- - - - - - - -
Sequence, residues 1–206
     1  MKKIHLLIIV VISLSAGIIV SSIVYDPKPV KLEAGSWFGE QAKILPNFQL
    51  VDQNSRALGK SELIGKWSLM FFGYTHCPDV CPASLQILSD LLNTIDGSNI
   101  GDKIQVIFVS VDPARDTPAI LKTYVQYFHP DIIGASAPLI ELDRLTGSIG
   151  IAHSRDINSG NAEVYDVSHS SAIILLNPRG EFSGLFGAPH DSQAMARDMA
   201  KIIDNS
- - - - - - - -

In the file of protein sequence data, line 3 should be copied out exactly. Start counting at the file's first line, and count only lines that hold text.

    51  VDQNSRALGK SELIGKWSLM FFGYTHCPDV CPASLQILSD LLNTIDGSNI